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Cartesian to Spherical Coordinates and vica versa

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I have a post running in the openGL forum, but i think maybe the math forum is a better place to try and get some questions answered. I have a point in cartesian coordinates... ( 0.0, 0.0, 5.0 ) x, y, z I need to convert it to Spherical Cordinates, then be able to rotate the point in the XY plane around the Z axis, Given an angle to rotate about. Then convert back to Cartesian coordinates again. Here is what i'm doing and it seems to be wrong. cX = 0.0 cY = 0.0 cZ = 5.0 i have a variable for theta, phi, and radius this is my calculation to convert to spherical Cordinates... radius = sqrt(cX^2 + cY^2 + cZ^2) theta = acos(cX / radius) phi = acos( cX / radius * sin(theta)) then i convert theta and phi to degrees then i convert back to Cartesian, and it doens't even get me close to the coordinates i passed in, using this cX = radius * sin(phi) * cos(theta) cY = radius * sin(phi) * sin(theta) cZ = radius * cos(phi) i without the first part working i can't figure out how to translate the point in spherical coordinates. Im stuck, and do not understand much about Cartesian to spherical coordinate systems. Any light someon can shed on what im doing right will help great amounts.

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You don't actually have to convert to spherical coordinates to rotate about the Z axis. You can do it with a rotation matrix. But, here is something to help with the approach you've chosen.

The other immediate thing I'll say is that your example point, (0, 0, 5.0), when rotated about the Z axis, becomes.......(0, 0, 5.0)! The same point no matter what your angle of rotation about Z!!!!

Your conversion to spherical coordinates is partially wrong. I think you knew this.

Your formula for radius is correct.

Your formula for theta is ONE of several valid choices for a spherical coordinate representation; HOWEVER, your choice is quite inconvenient for rotating about Z. Really, it was the wrong choice for rotating about Z. Here's another way. We'll choose theta to be the angle of the projection into the xy plane (the azimuth), and phi is the angle measured from the xy plane to the line segment from (0,0) to (cX, cY, cZ). So, we can first calculate phi:

phi = asin(cZ / radius)

Note that it is similar to your theta equation. It could just as easily be acos, but I want phi to represent the angle from the xy plane to the line segment. If I used acos, phi would be measured from the z axis to the line segment. Subtle difference. A personal choice.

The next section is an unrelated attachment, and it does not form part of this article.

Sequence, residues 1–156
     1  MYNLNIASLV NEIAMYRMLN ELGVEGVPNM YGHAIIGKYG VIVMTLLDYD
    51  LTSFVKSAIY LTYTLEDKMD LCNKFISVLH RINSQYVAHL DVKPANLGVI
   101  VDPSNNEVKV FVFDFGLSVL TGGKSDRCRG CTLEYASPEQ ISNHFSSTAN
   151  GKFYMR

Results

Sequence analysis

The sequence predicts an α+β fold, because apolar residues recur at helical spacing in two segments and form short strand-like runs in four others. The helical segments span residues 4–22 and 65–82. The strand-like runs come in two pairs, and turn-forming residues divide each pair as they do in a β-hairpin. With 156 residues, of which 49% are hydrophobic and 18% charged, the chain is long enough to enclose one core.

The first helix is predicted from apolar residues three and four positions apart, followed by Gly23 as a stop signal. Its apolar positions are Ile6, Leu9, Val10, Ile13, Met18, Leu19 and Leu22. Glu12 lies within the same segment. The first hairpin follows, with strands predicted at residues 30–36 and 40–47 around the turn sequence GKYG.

Now we can calculate theta. Noting that radius * cos(phi) = the length of the projection of the segment into the xy plane, we can easily calculate theta:

theta = acos(cX / (radius * cos(phi)))

If cos(phi) is zero.....then there is no single value of theta. This is a discontinuity that is well known with the spherical coordinate representation.

Note that my theta is real similar to your phi calculation---though your phi calculation had an error and was incorrect even for your chosen computation of theta (you should not have been using cX to compute phi - either cY or cZ could be used to give a correct phi given your choice of theta, but not cX).

You basically had the right idea...you just don't quite understand your projections yet! The biggest actual error was in your calculation of phi. The other error was in your choice of theta and phi. You had not set yourself up to conveniently do rotation about Z in the spherical coordinate system.

So, from here you mentioned that you converted the angles to degrees. That is fine if you just want to add, say 5 "degrees" to theta to do the rotation about the Z axis. You could also convert 5 "degrees" to radians and add the corresponding radians value to theta.

The thing I want you to recognize is that you must pass in radians to the sin() and cos() calls later on. If you pass in degrees values to sin() and cos(), you're screwed! Let supposed that you do NOT convert to degrees. I consider this the safer choice. So, to do your rotation, do this:

theta += angle of rotation (in radians)

Now you can convert back to Cartesian as below, with phi and theta in radians:

cX = radius * cos(phi) * cos(theta)
cY = radius * cos(phi) * sin(theta)
cZ = radius * sin(phi) = should be identical to starting cZ value

Hope this helps!

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Thank you allmighty math master!

This has been plagueing me for a few days now.
So i finally got the rotations right.
Now I just need to handle what to do with the up vector and look vector on the backside of the circle to get the desired effect.

again thank you, you have been most helpful and explained the situation very well.

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